Former Hawaii dentist testifies in manslaughter trial

HONOLULU (AP) — A former dentist on Oahu accused of manslaughter in the death of a 3-year-old patient said she did everything she could to save the child.

Lilly Geyer, 41, told a Hawaii jury Thursday that she directed her dental assistants to call 911 and to get help from a pediatrician across the hall after Finley Boyle’s oxygen level started dropping.


The trial began last month for Geyer, who is accused of recklessly causing Finley’s death after her visit to Island Dentistry for Children in Kailua in December 2013. She died a moth later.

Honolulu Chief Medical Examiner Christopher Happy previously told the court that Finley likely died because of the sedatives given during the dental procedure. The immediate cause was from an infection from being on a ventilator while she was in a coma, he said.

Finley’s mother had taken her to dentist for baby root canals on several teeth. Geyer said she started on the upper teeth and was about to work on the lower ones when Finely stopped breathing. She said she did everything she was trained to do, noting she got certified for pediatric advanced life support every two years.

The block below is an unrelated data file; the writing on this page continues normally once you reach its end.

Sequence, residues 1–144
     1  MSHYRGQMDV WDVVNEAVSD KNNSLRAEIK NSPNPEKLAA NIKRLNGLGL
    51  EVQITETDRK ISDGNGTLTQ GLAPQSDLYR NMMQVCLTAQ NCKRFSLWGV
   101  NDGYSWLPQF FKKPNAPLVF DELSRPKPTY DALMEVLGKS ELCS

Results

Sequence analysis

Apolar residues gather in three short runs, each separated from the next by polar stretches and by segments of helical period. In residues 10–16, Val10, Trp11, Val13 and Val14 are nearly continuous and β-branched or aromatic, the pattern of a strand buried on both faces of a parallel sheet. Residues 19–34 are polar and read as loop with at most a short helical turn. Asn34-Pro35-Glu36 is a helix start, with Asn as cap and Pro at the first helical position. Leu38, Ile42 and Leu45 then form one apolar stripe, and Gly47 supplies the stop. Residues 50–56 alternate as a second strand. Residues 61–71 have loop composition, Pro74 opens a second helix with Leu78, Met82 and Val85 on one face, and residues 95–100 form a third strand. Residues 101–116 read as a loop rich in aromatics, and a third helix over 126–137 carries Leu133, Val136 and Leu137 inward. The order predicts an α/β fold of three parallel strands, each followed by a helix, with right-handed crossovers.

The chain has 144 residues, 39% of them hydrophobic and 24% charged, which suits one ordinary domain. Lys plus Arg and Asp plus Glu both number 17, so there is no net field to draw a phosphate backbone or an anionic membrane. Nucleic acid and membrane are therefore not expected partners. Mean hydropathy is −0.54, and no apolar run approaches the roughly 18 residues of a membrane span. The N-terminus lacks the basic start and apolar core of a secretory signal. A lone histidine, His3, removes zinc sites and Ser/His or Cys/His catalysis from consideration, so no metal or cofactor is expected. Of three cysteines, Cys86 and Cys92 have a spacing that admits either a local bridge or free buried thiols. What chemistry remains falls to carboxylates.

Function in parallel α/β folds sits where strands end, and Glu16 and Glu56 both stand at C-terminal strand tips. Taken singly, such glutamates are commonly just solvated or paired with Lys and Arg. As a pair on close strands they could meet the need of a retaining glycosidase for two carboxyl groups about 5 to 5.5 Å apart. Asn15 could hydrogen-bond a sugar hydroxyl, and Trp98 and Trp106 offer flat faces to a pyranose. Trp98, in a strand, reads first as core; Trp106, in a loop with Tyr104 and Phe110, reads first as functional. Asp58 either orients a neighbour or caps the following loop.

“Every single person that was involved tried their best. We all did,” Geyer said.

Following the death, Geyer said she searched for the cause and later learned from her indictment that Finley had been diagnosed with an upper respiratory infection that wasn’t disclosed.

“When that came up, my heart sank (because) I knew that was the cause,” Geyer told the court.

If she had been told about the diagnosis, she would have delayed the procedures, she said.


Defense witnesses previously testified that lingering effects of the infection caused the child’s vocal cords to close under sedation.

Witnesses for prosecutors said Finley showed no signs of infection.

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